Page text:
Free to Be…You and Me: Life Stories that Inspire Girl Possible
Our Girl Possible adventure has been an incredible journey so far. As we work to tell as many people as possible about our program and work hard to bring it to as many girls as possible we have met a lot of interesting people along the way. When we talk about teaching young girls things such as how to be a good friend or what it means to get out of your comfort zone or the importance of role models, many people respond by telling us how they would have liked to participate in a program like Girl Possible when they were young.
This often leads to hearing stories about their childhood and how it shaped them. We have enjoyed hearing about the journeys they have taken and learning about what they do today and how they got there. It didn’t take long to realize that these fabulous people were very interesting and their stories were too inspiring to keep quiet about.
This led us to create a new Girl Possible feature called Free to Be…You and Me: Life Stories that Inspire Girl Possible. We will get to know a variety of different individuals through a series of questions that ask about how they grew up, what they did in early adulthood, their passions and hobbies and their thoughts on some of the topics we cover in Girl Possible. It is also structured so that parents and children can read all these stories together and hopefully it will lead to more questions and interesting discussions.
The title of our new feature is inspired by the memories of listening to the Free to Be…You and Me album as a child. For me and many women of a certain age, listening to the Marlo Thomas and Friends album Free to Be…You and Me, had a huge impact on my understanding of equality, acceptance, diversity and the idea that dreams could become a reality.
For those not of a certain age, Free to Be…You and Me was an album, a book and later a TV special that were all released in the mid 1970s. Marlo Thomas was looking for a book for her young niece and found the bookstores filled with stereotypical stories of what boys and girls should be. This experience inspired her to create something that told children a different story.
I remember listening to the album as a young child and feeling the messages resonate with me. Some of my favourite tracks include the title song, which really sums up all the messages in the album. Atalanta, a story about a young princess who breaks family tradition and refuses to submit to an arranged marriage. Instead of watching the boys compete to see who wins her hand in marriage, she enters the contest and, in the end, ties for first place with a young boy, whom she becomes friends with. It shows that girls do not have to abide by the constraints of old stereotypes but it also highlights how if we treat each other as equals our gender is irrelevant and it’s who we are as a person that matters.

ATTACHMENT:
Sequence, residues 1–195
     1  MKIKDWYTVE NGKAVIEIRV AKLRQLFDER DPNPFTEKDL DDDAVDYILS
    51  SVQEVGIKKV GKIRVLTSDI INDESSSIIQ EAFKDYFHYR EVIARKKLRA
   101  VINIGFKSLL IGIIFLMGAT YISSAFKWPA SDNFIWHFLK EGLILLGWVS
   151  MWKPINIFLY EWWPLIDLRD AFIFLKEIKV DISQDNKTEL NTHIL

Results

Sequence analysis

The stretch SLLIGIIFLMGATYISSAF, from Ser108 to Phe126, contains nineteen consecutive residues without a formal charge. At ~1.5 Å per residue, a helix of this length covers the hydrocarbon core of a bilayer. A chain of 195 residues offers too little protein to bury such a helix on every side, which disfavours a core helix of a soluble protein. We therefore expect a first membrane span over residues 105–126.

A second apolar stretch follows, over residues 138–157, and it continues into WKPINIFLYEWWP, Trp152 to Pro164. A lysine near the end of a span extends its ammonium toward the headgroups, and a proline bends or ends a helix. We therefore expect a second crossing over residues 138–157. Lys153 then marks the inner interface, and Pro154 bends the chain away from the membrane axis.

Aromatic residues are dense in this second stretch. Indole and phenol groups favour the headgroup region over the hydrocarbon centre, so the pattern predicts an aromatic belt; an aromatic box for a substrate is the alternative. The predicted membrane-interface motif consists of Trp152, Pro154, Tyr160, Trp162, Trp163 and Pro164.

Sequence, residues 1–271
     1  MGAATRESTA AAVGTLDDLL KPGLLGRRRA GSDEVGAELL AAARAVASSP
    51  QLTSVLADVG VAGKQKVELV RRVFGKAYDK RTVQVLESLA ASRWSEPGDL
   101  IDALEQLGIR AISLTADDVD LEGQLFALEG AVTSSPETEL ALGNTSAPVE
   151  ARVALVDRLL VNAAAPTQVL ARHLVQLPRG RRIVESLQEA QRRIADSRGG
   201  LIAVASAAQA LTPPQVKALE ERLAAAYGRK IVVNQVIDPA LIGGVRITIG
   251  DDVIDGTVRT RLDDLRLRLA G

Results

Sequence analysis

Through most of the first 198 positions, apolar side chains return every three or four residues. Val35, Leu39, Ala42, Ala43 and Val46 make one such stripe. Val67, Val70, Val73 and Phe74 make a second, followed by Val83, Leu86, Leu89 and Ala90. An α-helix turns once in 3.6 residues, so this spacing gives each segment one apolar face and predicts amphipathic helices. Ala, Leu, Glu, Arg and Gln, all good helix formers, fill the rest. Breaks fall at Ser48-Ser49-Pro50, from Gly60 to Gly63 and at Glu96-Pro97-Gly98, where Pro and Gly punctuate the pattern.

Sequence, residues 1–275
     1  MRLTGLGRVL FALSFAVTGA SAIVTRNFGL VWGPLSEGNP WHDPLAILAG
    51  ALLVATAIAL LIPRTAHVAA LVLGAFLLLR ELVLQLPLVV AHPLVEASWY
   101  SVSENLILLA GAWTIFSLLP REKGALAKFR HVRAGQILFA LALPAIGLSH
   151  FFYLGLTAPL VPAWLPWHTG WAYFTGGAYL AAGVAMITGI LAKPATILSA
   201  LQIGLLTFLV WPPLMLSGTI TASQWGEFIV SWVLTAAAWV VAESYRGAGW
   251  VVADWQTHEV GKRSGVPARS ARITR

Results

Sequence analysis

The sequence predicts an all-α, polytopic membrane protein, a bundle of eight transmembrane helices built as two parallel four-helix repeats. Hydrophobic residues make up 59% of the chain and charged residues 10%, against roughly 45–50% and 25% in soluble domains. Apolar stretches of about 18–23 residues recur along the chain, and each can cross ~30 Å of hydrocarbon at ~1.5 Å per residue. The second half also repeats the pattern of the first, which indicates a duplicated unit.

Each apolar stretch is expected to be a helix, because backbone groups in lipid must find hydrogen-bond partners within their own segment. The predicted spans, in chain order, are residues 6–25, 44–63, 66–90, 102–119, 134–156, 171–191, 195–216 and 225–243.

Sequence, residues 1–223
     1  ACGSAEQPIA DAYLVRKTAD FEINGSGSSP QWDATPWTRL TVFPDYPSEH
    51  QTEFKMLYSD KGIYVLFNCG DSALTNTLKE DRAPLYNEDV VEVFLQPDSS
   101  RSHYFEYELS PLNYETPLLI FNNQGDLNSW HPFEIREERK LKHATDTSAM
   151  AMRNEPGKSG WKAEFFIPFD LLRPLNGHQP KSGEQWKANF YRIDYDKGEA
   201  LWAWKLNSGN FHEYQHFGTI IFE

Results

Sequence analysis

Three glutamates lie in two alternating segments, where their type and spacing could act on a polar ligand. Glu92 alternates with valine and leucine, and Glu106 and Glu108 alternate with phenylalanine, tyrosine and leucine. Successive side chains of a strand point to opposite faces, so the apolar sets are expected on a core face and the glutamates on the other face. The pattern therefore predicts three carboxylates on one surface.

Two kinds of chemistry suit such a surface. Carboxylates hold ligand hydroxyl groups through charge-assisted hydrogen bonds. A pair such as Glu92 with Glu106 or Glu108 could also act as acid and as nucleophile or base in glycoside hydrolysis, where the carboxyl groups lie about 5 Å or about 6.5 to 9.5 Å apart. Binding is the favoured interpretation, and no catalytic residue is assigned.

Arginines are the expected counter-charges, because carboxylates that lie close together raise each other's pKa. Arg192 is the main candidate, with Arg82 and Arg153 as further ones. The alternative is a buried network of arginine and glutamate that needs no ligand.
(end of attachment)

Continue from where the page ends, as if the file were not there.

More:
Now more than 40 years later, if I’ve a rough day I’ll play a couple of the songs from the album on my ride home in car. Listening to the music will generally lift my spirits and make me smile. I have also started listening to the songs with our children. The messages in the songs don’t have the same impact on them as they did on me, and I think that’s a good thing.
Our younger children think Boy Meets Girl is hilarious. It tells the story of two newborn babies trying figure out if they are boys or girls based on old fashioned gender stereotypes. One baby is a boy and the other is a girl. The boy assumes he is a girl because he's patient, can't keep a secret and is afraid of mice. This is based on his understanding that out in the world girls are patient and boys are impatient, boys keep secrets and girls don't, and girls are afraid of mice and boys aren't. In the end he’s wrong.
It’s interesting and reassuring that our children simply find this story funny and don’t find any truth in the pre-conceived notions described in the story. I believe they have a more evolved understanding of equality, acceptance and diversity from both their school environment and positive paternal role models, if I do say so myself. In addition to being entertaining, the songs serve more to reinforce what they already hear in their daily lives.
It’s imperative that both children and adults keep hearing stories that remind us all that we can do anything, and regardless of what path we choose in life, our choices should be respected and accepted. Our goal, at Girl Possible is to feature everyone’s story, from CEOs to stay at home parents and everyone in between.
Stay tuned for our first feature…coming soon.